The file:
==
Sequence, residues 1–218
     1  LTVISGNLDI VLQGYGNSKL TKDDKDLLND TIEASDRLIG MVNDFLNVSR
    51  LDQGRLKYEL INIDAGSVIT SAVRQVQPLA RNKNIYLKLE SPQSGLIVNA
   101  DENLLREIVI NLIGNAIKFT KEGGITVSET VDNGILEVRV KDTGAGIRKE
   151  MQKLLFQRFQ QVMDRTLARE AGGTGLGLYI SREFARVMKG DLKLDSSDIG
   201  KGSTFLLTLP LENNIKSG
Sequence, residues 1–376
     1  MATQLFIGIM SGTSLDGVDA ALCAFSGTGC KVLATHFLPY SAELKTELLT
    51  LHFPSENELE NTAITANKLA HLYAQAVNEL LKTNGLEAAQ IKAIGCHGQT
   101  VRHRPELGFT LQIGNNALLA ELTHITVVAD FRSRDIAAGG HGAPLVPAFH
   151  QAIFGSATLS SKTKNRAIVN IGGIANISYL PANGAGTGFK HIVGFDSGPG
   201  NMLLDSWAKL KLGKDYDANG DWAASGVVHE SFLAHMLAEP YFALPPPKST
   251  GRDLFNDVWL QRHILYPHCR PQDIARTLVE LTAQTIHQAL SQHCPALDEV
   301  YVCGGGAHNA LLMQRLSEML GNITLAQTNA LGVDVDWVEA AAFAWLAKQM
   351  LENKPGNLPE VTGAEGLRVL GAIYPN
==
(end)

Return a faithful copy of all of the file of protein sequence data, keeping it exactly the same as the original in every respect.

Sequence, residues 1–218
     1  LTVISGNLDI VLQGYGNSKL TKDDKDLLND TIEASDRLIG MVNDFLNVSR
    51  LDQGRLKYEL INIDAGSVIT SAVRQVQPLA RNKNIYLKLE SPQSGLIVNA
   101  DENLLREIVI NLIGNAIKFT KEGGITVSET VDNGILEVRV KDTGAGIRKE
   151  MQKLLFQRFQ QVMDRTLARE AGGTGLGLYI SREFARVMKG DLKLDSSDIG
   201  KGSTFLLTLP LENNIKSG
Sequence, residues 1–376
     1  MATQLFIGIM SGTSLDGVDA ALCAFSGTGC KVLATHFLPY SAELKTELLT
    51  LHFPSENELE NTAITANKLA HLYAQAVNEL LKTNGLEAAQ IKAIGCHGQT
   101  VRHRPELGFT LQIGNNALLA ELTHITVVAD FRSRDIAAGG HGAPLVPAFH
   151  QAIFGSATLS SKTKNRAIVN IGGIANISYL PANGAGTGFK HIVGFDSGPG
   201  NMLLDSWAKL KLGKDYDANG DWAASGVVHE SFLAHMLAEP YFALPPPKST
   251  GRDLFNDVWL QRHILYPHCR PQDIARTLVE LTAQTIHQAL SQHCPALDEV
   301  YVCGGGAHNA LLMQRLSEML GNITLAQTNA LGVDVDWVEA AAFAWLAKQM
   351  LENKPGNLPE VTGAEGLRVL GAIYPN